We’ve checked out some more new anime.
There was Amaenaide yo!. Ikko is an apprentice monk at a Buddhist temple. All the other apprentices are… girls. Ikko isn’t very good in chanting sutras or warding off evil spirits — until he sees a naked girl. Then he ‘awakens’ and a huge spiritual power is unleashed through his person, vanquishing any evil spirits lurking nearby.
When a series features nudity even before the opening credits started, you know what to expect from the rest. It’s a pretty lame excuse for nudity too.
There was Eien no Aseria. Yuto and his younger sister-in-law Kaori go to visit the graves of their parents (Rule #1 of anime: get rid of the parents or any other responsible adult) and end up in another world. Kaori is taken hostage by the king of the land, and he forces Yuto to wield a weird sword in a fight against another kingdom. The rules of both kingdoms use fairies/spirits/elfs (invariably female) to do their fighting for them, and much magic battle mayhem ensues.
It’s based on a game, and it shows. There is probably a plot involving the sword (it keeps mumbling ‘Accept me!’), but meanwhile we get lots of attractive elves hanging around him. And it’s not even that well animated.
There was SHUFFLE!. Ten years ago, the gates between the human world and those of the demons and gods were opened. Since then, demons and gods alike have come to live in the human world like ordinary citizens, though they have special powers and pointy ears. Rin lives with Kaede, his childhood friend, ever since the accident that killed his parents and Kaede’s mother (see Rule #1 above). There is some romantic tension between them, but that is downplayed by Rin.
Then, one day, two transfer students are introduced. They are the daughters of the king of gods and the king of demons, respectively. Rin has been selected as a marriage candidate for the both of them, and both kings are determined to have their daughter marry to him. As it turns out, they all have become neighbours…
It threatens to become a harem anime, but the demonic and divine give it an extra twist. Also, it is gorgeously animated.
There was The Ghiblies. It is about a ‘fictional’ animation studio named ‘Ghibli’, and the assorted characters that work there. This is what you get when animators make a parody of their colleagues, showing off how they can create character with minimal fuss. Fun and easy-going.
It’s not exactly a series, even though there are two ‘episodes’ out — the first episode was made in 2000 (it shows photos of the Spirited Away pre-production party), the second episode in 2002…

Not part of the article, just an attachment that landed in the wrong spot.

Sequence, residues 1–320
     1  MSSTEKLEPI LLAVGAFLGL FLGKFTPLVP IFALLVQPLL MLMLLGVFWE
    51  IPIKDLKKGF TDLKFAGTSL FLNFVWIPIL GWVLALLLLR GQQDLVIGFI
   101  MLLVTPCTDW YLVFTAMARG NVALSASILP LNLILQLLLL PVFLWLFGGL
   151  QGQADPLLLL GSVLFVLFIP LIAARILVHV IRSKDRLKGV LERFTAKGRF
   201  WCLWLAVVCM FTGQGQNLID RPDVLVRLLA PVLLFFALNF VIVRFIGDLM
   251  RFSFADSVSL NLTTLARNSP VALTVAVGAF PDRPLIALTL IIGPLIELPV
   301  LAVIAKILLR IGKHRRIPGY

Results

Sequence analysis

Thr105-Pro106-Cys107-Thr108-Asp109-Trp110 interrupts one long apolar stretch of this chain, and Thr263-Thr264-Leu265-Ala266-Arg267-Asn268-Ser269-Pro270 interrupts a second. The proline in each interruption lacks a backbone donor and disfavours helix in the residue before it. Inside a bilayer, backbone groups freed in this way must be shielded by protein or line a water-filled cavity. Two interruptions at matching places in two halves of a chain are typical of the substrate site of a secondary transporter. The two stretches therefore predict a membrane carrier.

There was Full Metal Panic: The Second Raid. FMP is back in full swing: we get dropped right into the action as we witness the Urzu squad participating in a mission in some banana republic, evacuating refugees. Things get tense as the local army turns out to have some seriously advanced weaponry at their disposal. Sousuke goes off on his own to neutralise this threat, while his colleagues hold the fort…
The great thing about FMP is the ‘realistic’ military situations. We were right back into the feel of what modern warfare with mecha would be like. Even though the Mithril AS are more powerful than those of the local army, they are not all-powerful. The tactical considerations are very interesting indeed. And of course, Chidori is available at the end of the episode to serve Sousuke with a smack in the head for some school-related issue.
There was Tide Line Blue. Fourteen years ago, Earth was hit by a catastrophe, and most of the world population has perished. The survivors cling to the few remaining islands, slowly building up their lives, and even forming a new United Nations of sorts. Main character is Keel, a young boy who scams unsuspecting sailors out of their money. But then Gould, a naval officer who got tired of the bickering between the ‘nations’ of the new UN, attacks the island in an attempt to unify the whole world under his reign. And to top things off, Keels friend (girlfriend?) has to give birth in the middle of the attack!
An interesting series, to say the least. It has a distinct Kenran Butoh Sai-feel, which is promising.
Finally, there was Suzuka. Yamato starts living with his aunt who is the manager of an all-female apartment complex. He pays his way by doing various chores (mainly cleaning the bath). He meets Suzuka, the girl next door (literaly!) who is on the school’s jumping team. She is insecure about meeting the high expectations of those around her.
A sports anime with a twist. I’m sure the romance between Yamato and Suzuka will deepen, complicated by the various indiscrete female students living in the complex and Suzuka’s jumping carreer.